Hosts With the Most
The holidays are over, and many lovely young women are sporting a brand-new engagement or wedding ring. It’s only natural that they’ll want to celebrate by throwing a party with their new fiancés.
Whether it’s an engagement party or a Super Bowl bash, couples have to learn how to meld their styles together and get along in the kitchen.
“It’s tempting to hold a big party with 40 of your closest friends and try five new recipes,” says Brooke Parkhurst, co-author of “Just Married and Cooking: 200 Recipes for Living, Eating and Entertaining Together” (Scribner, 2011). “A grand production [can be really hard]. Have it manageable, smaller, with tried and true recipes.”
Parkhurst, along with her husband, chef James Briscione, a chef-instructor at the Institute of Culinary Education in New York, wrote their book to help new couples feel at home cooking together. “You have to eat, and you might as well make it a pleasurable experience,” Parkhurst says.
“It’s easier and quicker with two sets of hands doing the work,” adds Briscione, noting that cooking together ensures it won’t be a difficult or tedious task for one person, especially when cooking for friends or entertaining.
When planning your first party together, Briscione says that it’s important to be organized and have a good plan. “Be honest with yourself and what you can pull off,” he says.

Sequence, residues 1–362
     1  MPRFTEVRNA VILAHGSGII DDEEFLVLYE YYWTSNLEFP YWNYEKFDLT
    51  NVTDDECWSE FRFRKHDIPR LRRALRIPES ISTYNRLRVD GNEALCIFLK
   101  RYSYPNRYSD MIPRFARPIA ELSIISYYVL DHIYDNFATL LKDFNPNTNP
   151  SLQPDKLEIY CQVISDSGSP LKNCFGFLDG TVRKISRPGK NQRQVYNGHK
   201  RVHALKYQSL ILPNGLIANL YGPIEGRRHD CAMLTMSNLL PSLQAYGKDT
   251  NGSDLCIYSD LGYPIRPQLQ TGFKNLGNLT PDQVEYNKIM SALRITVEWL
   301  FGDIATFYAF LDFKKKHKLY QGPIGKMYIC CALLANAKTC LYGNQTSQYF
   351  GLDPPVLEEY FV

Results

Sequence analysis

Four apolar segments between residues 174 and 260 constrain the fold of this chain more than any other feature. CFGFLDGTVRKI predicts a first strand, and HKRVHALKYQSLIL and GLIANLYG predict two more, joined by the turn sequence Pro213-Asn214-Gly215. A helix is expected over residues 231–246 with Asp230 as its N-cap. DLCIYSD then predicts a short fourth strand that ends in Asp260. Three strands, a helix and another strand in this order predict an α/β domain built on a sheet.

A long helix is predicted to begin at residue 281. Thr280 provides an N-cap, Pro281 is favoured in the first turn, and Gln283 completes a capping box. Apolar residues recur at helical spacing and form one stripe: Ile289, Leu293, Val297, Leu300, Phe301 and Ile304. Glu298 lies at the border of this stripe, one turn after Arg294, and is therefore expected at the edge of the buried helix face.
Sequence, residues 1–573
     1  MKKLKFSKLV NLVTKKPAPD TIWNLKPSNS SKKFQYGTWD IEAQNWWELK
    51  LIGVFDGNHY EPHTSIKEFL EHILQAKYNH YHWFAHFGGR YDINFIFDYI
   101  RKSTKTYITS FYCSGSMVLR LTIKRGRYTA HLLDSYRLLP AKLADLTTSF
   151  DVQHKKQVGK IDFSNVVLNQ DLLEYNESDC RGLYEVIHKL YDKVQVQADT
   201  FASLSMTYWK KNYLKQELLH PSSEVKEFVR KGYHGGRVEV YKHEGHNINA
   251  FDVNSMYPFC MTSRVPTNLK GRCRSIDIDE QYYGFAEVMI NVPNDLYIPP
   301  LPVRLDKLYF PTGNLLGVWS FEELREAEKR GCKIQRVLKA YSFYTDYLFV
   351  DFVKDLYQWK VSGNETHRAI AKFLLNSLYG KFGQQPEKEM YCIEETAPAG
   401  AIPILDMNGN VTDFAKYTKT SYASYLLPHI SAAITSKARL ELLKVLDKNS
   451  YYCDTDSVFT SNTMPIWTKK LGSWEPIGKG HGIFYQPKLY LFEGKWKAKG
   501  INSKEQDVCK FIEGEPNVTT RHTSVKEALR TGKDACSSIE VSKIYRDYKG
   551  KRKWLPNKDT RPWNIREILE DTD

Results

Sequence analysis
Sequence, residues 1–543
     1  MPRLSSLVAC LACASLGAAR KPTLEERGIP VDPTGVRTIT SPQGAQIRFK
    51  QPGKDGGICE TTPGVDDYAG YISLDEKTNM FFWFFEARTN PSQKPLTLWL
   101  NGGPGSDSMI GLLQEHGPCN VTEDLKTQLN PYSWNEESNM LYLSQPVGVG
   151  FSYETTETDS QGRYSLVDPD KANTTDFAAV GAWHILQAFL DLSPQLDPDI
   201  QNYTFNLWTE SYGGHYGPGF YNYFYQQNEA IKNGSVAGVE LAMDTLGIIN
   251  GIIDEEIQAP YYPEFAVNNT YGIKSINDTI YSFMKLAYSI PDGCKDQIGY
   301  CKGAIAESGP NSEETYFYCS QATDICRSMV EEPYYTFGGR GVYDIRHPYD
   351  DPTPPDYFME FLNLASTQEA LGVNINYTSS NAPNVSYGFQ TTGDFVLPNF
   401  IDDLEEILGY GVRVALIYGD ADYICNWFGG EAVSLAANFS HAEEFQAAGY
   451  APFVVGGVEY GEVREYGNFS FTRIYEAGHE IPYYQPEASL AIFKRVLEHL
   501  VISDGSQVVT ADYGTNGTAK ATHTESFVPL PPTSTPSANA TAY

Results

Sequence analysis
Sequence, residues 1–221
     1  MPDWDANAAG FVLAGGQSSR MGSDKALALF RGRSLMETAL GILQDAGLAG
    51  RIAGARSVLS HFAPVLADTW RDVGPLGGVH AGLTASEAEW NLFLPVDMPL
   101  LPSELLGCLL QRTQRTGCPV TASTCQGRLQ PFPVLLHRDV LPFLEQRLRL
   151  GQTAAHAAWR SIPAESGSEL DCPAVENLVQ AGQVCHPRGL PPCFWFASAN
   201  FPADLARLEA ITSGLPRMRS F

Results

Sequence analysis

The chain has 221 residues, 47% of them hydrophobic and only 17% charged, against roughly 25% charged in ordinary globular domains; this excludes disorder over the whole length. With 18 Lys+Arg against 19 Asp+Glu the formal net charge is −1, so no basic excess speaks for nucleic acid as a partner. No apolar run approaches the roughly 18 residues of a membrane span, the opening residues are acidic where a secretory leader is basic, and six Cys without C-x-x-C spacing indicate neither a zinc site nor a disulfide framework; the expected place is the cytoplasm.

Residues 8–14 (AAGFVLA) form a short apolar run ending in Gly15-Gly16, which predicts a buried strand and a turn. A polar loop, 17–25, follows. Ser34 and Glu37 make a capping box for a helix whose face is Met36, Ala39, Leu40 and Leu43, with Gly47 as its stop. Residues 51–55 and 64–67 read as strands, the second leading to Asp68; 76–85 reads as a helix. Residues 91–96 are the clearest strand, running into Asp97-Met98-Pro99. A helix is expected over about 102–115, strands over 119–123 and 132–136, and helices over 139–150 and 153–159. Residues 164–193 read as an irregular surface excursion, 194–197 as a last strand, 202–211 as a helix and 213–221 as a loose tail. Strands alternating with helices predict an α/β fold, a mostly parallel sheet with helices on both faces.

“Start more basic. You don’t have to do Chateaubriand to start,” says Parkhurst.
Adds Briscione: “Be patient. Cooking shows make everything look easy. It’s not that hard, but it does take time [to perfect]. Be prepared to learn from your mistakes. It’ll get better every time.”
Want to celebrate your engagement? Try a cocktail party. “Do a house cocktail instead of serving wine throughout,” says Parkhurst, who suggests creating a fun, personalized champagne cocktail and snacks. Want to throw a party for the big game? Parkhurst suggests a low-key Super Bowl party with chili and bleu cheese salad. Sophisticated dips can also make your party stand out.
For couples with a little more experience in the kitchen, Briscione suggests playing on the theme of relationships with his and hers duos of items, like beef tenderloin with braised short ribs. “It’s a fun play on a theme and relationships,” says Briscione.
Once the theme is set, plan the menu. Briscione recommends pulling out your pots, pans and platters and labeling which ones you’ll need for each dish. Also make sure you have the ingredients for each recipe. “You’ll see what you need, where to edit…what you need to pull it off and be realistic,” says Briscione.
If you’re planning for eight to 10 people, start preparing two to three days ahead of time, fitting in shopping and preparations where you can. For example, with a six hors d’oeuvres cocktail party, you can make two to three dishes the day before, and the others the day of. If you’re serving hot dishes, prepare them ahead of time so that they’re ready to go into the oven. “The more organization you have, the more fun you’ll have the day of,” says Parkhurst.
[image credit: Colleen Duffley]